Bobby Kotick, the CEO of Activision Blizzard, has seen a strong trading day following their announcement that they will be launching a new Call of Duty title in 2019. The company’s stock price jumped by nearly 8% and closed at $59.62 per share on Wednesday (January 3rd) before opening at $60.47 per share today (January 4th).

Activision Blizzard is the second-largest video game publisher in North America and Europe. It was founded in 1979 as an independent developer and distributor for Atari games. Eventually, it published other titles such as Crash Bandicoot, Spyro the Dragon, or Tony Hawk Pro Skater series. In 2008 it became a wholly-owned subsidiary of Activision, an American video game developer, and publisher.

Bobby Kotick is the CEO of Activision Blizzard and has a net worth of $16 million. He earned his bachelor’s degree from the University of California in Los Angeles and enrolled at UCLA Anderson School of Management to obtain an MBA degree. While still working on his master’s degree, Bobby started working for Bally Manufacturing as a chief financial officer (CFO). Later, he served in various executive positions. Kotick met Brian Kelly, then president and COO at medical software company MediSense Inc. later renamed Healtheon Corporation after merging with another firm called WebMD Health Corp. In 1998 when Bobby Kotick decided to leave the gaming industry by selling off his shares in two companies, he persuaded Brian Kelly to help him start Activision Blizzard.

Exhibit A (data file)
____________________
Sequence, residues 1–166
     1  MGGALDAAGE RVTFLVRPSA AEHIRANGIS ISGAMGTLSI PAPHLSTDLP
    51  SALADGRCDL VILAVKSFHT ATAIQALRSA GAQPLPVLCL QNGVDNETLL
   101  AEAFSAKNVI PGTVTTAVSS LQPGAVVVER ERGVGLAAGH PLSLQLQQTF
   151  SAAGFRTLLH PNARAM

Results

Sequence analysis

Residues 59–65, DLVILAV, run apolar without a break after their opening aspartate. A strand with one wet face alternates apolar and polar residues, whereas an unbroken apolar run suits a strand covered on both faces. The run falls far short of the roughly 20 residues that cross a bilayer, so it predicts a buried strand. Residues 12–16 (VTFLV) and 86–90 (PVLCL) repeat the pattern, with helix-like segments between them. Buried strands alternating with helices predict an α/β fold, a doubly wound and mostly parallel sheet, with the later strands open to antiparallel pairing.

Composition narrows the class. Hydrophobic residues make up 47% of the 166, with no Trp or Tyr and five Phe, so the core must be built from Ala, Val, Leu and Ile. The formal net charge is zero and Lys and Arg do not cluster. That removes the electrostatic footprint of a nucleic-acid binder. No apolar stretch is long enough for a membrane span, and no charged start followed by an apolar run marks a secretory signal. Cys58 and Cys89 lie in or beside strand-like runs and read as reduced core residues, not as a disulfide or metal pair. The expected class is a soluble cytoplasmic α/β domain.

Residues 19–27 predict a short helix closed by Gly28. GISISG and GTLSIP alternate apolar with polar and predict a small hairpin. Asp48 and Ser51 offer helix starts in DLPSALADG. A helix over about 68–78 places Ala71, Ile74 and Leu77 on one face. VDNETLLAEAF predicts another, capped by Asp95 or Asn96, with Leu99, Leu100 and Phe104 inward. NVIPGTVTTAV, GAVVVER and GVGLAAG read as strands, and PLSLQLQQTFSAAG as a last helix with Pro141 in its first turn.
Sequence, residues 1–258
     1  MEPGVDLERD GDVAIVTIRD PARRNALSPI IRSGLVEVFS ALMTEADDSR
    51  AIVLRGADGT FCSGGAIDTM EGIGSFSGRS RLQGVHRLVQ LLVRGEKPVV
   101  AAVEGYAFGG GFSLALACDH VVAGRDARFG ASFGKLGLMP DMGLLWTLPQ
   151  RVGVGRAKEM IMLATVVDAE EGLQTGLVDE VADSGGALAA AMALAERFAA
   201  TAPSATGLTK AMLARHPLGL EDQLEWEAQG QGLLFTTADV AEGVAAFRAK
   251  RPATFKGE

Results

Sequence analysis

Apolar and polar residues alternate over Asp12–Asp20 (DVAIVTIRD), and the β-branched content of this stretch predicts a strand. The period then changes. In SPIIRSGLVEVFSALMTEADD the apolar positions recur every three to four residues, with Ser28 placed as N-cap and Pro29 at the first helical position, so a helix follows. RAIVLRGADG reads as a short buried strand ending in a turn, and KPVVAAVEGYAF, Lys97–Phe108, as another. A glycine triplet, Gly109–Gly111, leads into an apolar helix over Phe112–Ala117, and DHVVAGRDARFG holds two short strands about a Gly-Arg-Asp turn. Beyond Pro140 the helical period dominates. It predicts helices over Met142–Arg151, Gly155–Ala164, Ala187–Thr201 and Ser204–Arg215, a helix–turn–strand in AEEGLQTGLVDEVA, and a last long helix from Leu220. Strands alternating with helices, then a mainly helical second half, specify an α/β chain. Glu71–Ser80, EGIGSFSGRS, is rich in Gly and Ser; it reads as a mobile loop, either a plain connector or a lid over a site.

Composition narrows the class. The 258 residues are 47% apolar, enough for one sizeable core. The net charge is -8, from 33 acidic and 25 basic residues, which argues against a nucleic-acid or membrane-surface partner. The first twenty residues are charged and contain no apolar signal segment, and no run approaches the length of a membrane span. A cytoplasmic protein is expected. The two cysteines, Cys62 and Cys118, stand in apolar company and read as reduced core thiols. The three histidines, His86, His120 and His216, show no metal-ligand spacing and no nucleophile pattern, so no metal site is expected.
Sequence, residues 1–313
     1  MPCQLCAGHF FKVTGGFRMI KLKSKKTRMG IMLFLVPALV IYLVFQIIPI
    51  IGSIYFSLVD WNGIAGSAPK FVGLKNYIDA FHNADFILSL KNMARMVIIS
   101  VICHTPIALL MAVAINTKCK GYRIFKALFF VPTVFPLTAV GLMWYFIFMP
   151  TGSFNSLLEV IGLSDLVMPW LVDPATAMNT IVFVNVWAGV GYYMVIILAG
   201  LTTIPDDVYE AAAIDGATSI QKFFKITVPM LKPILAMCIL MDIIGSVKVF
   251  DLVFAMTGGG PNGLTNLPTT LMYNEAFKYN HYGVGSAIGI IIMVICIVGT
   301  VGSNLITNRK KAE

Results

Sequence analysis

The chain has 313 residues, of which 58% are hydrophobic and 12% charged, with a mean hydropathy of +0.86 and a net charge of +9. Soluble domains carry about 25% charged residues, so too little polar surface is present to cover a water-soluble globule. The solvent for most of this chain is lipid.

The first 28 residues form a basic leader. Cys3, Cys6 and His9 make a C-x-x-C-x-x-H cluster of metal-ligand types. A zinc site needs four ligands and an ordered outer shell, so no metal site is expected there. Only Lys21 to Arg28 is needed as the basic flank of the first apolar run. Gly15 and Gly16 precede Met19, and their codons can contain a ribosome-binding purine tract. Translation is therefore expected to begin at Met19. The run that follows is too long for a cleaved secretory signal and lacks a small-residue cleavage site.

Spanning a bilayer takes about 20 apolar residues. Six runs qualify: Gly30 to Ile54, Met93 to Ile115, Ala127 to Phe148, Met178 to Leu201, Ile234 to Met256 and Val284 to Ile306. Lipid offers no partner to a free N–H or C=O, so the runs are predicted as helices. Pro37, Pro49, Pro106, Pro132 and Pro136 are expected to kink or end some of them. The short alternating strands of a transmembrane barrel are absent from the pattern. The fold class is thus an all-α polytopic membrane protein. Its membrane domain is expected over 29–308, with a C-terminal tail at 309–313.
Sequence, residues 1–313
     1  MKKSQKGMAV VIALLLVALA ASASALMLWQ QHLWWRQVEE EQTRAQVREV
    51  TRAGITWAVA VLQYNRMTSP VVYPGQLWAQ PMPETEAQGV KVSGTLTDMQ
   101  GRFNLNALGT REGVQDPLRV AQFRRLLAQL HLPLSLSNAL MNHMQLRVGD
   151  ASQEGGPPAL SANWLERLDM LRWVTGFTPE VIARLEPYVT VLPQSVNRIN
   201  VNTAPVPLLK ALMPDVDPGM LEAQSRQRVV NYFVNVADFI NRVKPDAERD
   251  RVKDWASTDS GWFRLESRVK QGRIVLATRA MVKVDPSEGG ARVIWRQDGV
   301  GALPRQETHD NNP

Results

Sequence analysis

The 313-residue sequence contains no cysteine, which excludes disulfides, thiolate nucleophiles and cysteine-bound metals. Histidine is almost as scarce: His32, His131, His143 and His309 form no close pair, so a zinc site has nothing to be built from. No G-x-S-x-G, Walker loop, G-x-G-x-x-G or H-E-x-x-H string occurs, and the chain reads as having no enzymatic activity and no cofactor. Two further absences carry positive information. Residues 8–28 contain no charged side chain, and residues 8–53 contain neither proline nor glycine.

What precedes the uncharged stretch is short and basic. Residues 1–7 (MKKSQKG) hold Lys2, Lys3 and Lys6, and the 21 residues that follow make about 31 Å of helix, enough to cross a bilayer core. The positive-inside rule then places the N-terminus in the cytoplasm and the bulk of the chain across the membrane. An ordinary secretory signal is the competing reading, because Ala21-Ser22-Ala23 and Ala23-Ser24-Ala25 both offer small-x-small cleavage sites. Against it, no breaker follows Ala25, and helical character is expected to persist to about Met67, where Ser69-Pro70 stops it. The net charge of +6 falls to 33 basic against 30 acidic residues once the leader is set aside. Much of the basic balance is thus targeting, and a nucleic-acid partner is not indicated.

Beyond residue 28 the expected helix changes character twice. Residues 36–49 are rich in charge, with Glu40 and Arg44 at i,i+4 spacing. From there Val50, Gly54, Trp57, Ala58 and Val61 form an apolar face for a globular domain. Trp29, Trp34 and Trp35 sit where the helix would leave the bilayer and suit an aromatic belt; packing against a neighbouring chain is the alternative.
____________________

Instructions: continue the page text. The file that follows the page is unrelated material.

Activision Blizzard is one of the world’s most profitable video game publishers. It has over $US six billion yearly revenue and employs nearly ten thousand people across its numerous studios. The company’s CEO, Bobby Kotick, is known for his aggressive cost-cutting measures, which have included layoffs and canceling projects. Still, it seems that this strategy has paid off as Activision Blizzard continues to be a dominant player in the gaming industry. In an interview with Bloomberg last year, Kotick said, “What we try not to do is focus on things that are outside our control.”

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